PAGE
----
Letter to the editor: Challenging Will |
Letters to the Editor

Letter to the editor: Challenging Will

This letter is not intended to challenge George Will’s argument on who to vote for in the November elections ( “This November, cast your vote against the GOP” ). However, it is intended to challenge his opinion on the importance of Articles II and II versus Article III of the U.S. Constitution.

In theory and in essential actuality II and III are the bedrock of our representative government. But I believe he fails to acknowledge how the judiciary superimposed itself on the application of law in recent decades. I need not cite a litany of decisions to support my view as this would generally be acknowledged by followers of the political scene (Proposition 8 in California immediately comes to mind).

It seems to me that Will is trying to over-intellectualize a simple personal opinion. Moreover, his remarks to “muck up” and obstruct the legislative process vis-a-vis the public vote is what has frustrated it so much in recent years. To me it is just more of the same — chaos leading to anarchy, and it doesn’t seem worthy of a person of Will’s stature. It was Aristotle who alerted us to such anarchy many, many years ago.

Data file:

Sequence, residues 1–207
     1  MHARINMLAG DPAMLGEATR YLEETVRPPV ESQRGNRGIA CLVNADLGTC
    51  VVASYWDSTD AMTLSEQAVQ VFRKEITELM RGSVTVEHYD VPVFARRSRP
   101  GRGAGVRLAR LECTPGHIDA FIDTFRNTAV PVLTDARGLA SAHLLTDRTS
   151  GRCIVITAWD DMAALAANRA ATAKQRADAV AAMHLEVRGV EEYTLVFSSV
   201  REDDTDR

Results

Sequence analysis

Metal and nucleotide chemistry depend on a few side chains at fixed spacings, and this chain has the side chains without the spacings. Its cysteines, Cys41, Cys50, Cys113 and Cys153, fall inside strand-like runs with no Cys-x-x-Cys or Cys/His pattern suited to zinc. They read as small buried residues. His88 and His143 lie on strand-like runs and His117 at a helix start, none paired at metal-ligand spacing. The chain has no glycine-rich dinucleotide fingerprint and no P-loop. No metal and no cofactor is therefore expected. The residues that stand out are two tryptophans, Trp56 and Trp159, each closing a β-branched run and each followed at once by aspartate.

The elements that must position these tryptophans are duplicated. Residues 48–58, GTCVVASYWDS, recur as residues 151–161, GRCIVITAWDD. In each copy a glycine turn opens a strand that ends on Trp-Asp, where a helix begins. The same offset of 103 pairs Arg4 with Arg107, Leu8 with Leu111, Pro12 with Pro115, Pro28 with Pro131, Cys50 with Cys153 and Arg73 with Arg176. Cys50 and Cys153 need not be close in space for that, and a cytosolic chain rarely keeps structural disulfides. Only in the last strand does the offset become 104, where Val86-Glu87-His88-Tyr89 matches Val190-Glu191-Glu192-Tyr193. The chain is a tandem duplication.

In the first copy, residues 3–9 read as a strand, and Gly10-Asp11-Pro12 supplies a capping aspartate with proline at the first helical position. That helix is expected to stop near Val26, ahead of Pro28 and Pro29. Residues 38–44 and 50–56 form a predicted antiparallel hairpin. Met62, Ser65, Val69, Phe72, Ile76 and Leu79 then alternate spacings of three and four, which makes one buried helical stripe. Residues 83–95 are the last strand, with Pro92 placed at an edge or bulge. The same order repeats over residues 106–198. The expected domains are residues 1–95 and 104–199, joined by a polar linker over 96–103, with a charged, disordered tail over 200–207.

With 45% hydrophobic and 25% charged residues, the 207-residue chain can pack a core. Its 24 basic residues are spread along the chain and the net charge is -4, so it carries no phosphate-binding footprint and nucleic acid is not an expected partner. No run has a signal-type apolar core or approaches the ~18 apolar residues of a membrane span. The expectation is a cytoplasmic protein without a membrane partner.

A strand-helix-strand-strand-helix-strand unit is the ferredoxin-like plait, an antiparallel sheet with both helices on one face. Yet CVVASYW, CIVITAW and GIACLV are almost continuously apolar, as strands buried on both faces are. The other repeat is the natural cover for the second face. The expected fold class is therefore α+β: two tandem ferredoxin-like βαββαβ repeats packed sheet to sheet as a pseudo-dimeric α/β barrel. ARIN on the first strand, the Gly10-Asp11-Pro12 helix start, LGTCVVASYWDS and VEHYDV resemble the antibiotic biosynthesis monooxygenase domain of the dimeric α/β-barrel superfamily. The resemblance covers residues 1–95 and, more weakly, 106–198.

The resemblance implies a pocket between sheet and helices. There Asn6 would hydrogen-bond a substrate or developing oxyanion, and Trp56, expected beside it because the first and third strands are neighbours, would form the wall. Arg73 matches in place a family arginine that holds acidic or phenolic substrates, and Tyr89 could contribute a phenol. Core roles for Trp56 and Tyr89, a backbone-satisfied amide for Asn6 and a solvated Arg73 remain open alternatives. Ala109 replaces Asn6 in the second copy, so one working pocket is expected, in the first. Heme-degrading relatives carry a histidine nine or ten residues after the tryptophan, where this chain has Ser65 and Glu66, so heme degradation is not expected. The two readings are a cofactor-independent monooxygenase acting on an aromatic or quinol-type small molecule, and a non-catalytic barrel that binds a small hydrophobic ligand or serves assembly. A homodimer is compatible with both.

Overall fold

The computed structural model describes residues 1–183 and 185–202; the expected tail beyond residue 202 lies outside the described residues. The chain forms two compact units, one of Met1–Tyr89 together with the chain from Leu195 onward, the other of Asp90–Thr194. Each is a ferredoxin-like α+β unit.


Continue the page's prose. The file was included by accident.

Louis F. D’Emilio

Penn Township, Westmoreland County

TribLIVE commenting policy

You are solely responsible for your comments and by using you agree to our Terms of Service.

We moderate comments. Our goal is to provide substantive commentary for a general readership. By screening submissions, we provide a space where readers can share intelligent and informed commentary that enhances the quality of our news and information.

While most comments will be posted if they are on-topic and not abusive, moderating decisions are subjective. We will make them as carefully and consistently as we can. Because of the volume of reader comments, we cannot review individual moderation decisions with readers.

We value thoughtful comments representing a range of views that make their point quickly and politely. We make an effort to protect discussions from repeated comments either by the same reader or different readers

We follow the same standards for taste as the daily newspaper. A few things we won't tolerate: personal attacks, obscenity, vulgarity, profanity (including expletives and letters followed by dashes), commercial promotion, impersonations, incoherence, proselytizing and SHOUTING. Don't include URLs to Web sites.

We do not edit comments. They are either approved or deleted. We reserve the right to edit a comment that is quoted or excerpted in an article. In this case, we may fix spelling and punctuation.

We welcome strong opinions and criticism of our work, but we don't want comments to become bogged down with discussions of our policies and we will moderate accordingly.

We appreciate it when readers and people quoted in articles or blog posts point out errors of fact or emphasis and will investigate all assertions. But these suggestions should be sent via e-mail. To avoid distracting other readers, we won't publish comments that suggest a correction. Instead, corrections will be made in a blog post or in an article.